Get PJ Media on your Apple

PJM Lifestyle

6 Classic Recordings That Have No Business Existing (Part One)

Learn about the secret screw ups behind some of the greatest songs you've ever heard.

Kathy Shaidle


February 19, 2013 - 7:00 am

Today, when every computer ships with GarageBand-type software, sour notes can be sweetened with Auto Tune, and radio stations broadcast focus-grouped computerized playlists, there seems to be no room for the serendipity — – or sheer incompetence and confusion — that helped create some of the greatest records of all time.

For instance, the ultimate irony of the urban legend that “Louie, Louie” is a “dirty” song (there’s a whole book about it) is that today you can just about make out what the FBI(!) couldn’t back in 1963:

The Kingsmen drummer’s frustrated “f-word” at around the 0:55 mark.

What you can’t hear are the backstories: the flukes, accidents, misunderstandings, coincidences, white lies, and willpower that wrenched classic songs from crazy recording sessions.

What you know about a particular recording can change the way it sounds.

If you’re my age, you’ve heard Boston’s “More Than a Feeling” about 10,000 times, which may be 9,999 times more than you ever wanted.

But you may not realize that lead singer Brad Delp “actually hits those high notes; there’s nothing electronic helping him.”

One of the more remarkable vocal pyrotechnics on an album where Delp’s singing gives Scholz’s guitar work a run for its money is on the passage where Delp’s ever-rising tenor rides into the first notes of the signature guitar solo, a move Boylan says was planned and executed flawlessly on virtually the first take.

You may also not know that Brad Delp committed suicide in 2007.

Now, give that 1976 recording one more listen.

See if it sounds… different.

YouTube Preview Image YouTube Preview Image

# 6: Rumors (1977) by Fleetwood Mac

Hey, I know!

Let’s all take tons of drugs, sleep with each other, break up, take more drugs, then lock ourselves in a studio and cut a record about it.

Maybe it’ll even be one of the biggest selling albums of all time!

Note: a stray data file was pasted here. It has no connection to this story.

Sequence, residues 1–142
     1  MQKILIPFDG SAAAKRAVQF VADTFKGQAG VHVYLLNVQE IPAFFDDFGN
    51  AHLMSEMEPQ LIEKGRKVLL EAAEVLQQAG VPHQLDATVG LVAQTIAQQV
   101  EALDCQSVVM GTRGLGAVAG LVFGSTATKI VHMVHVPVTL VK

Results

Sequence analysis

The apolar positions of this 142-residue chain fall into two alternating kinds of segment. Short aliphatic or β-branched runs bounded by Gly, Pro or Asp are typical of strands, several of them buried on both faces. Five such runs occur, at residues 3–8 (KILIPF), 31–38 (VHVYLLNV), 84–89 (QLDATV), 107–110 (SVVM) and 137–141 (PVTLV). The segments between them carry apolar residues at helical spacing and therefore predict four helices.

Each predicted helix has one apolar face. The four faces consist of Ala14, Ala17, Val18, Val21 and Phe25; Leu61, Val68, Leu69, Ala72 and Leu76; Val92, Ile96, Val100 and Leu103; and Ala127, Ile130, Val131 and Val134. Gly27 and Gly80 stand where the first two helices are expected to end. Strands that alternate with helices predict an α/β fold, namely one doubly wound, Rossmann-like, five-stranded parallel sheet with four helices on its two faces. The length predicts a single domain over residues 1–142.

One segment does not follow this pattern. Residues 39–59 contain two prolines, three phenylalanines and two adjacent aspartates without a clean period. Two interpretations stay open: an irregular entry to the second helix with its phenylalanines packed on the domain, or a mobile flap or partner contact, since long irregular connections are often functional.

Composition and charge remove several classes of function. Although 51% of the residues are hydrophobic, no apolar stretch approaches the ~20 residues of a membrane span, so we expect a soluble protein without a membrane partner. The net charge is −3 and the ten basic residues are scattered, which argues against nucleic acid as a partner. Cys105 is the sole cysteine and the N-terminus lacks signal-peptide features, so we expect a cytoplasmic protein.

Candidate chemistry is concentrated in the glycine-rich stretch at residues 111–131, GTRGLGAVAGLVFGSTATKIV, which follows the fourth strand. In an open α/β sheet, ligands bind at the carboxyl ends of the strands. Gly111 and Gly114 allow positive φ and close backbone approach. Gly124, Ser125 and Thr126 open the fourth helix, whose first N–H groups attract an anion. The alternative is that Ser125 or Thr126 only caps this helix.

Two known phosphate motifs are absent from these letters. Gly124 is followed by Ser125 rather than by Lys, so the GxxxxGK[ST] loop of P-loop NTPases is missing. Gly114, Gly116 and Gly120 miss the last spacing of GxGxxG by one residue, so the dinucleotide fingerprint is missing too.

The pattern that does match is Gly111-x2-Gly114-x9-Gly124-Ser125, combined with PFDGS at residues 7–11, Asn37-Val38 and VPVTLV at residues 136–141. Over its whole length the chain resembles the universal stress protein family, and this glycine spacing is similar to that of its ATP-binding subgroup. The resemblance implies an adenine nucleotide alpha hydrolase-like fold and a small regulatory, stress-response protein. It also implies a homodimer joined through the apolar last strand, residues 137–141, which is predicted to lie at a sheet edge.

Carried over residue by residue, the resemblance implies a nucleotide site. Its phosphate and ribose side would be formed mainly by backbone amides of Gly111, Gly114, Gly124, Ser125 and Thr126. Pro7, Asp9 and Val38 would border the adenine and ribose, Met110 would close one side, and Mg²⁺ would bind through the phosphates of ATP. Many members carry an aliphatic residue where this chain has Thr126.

(As you might imagine, there’s a whole book about that soap opera, too.)

Fleetwood Mac’s Rumors was everything punk rock was rebelling against:

By the time it was made, the personal freedoms endowed by the social upheaval of the 60s had unspooled into unfettered hedonism. As such, it plays like a reaping: a finely polished post-hippie fallout, unaware that the twilight hour of the free love era was fixing and there would be no going back.

In the end, that battle ended in a draw.

Rumors may sound like brontosaurus mating calls to some ears today, but the re-engineered reissue is still selling pretty well.

YouTube Preview Image YouTube Preview Image

#5 — “Good Vibrations” (1966) by The Beach Boys

The most famous Beach Boy hated the beach.

Brian Wilson never even learned to surf.

So in a way, it’s weirdly fitting that Wilson’s songs were California to millions of listeners around the world, who would never set foot on the Pacific seashore, either.

Many of these eternally evocative tunes, which practically qualify for solar energy subsidies, were actually composed while schizoid Brian was safe inside his home, “sitting at a grand piano with his feet scratching and twisting in a homemade sandbox.”

The songs were mainlined straight from Wilson’s imagination into other minds and hearts without number, their perfect purity unsullied.

Oh, and he was partially deaf…

The pressure to surpass Pet Sounds and keep apace with the ante-upping Beatles set the stage for this obsessive-compulsive, career-derailing masterpiece. Wilson amassed hours upon hours of tape at multiple studios to cobble together his intricately segmented, cut’n'paste “pocket symphony,” reportedly spending anywhere between $16-50,000 to produce three-and-a-half minutes of weird yet accessible pop.

In The Beach Boys and The California Myth, author David Leaf said of the single “Good Vibrations”:

Nothing but perfection here. The Beach Boys’ first million-selling #1 hit…was a major technical breakthrough…the record that showed that anything was possible in the studio.

YouTube Preview Image YouTube Preview Image

#4 — “Tutti Fruitti” (1956) by Little Richard

That’s Little Richard (giving a rather subdued performance, actually.)

It’s 1956.

He’s from Mississippi.

He’s obviously black, probably nuts, and almost certainly “a bisexual space alien.” (He performed in drag as “Princess LaVonne.”)

If he was a character in The Color Purple or Ragtime, he’d also be dead.

In real life, of course, Little Richard became a highly influential and successful musician, who continues to perform today to adoring crowds.

But that success almost didn’t happen.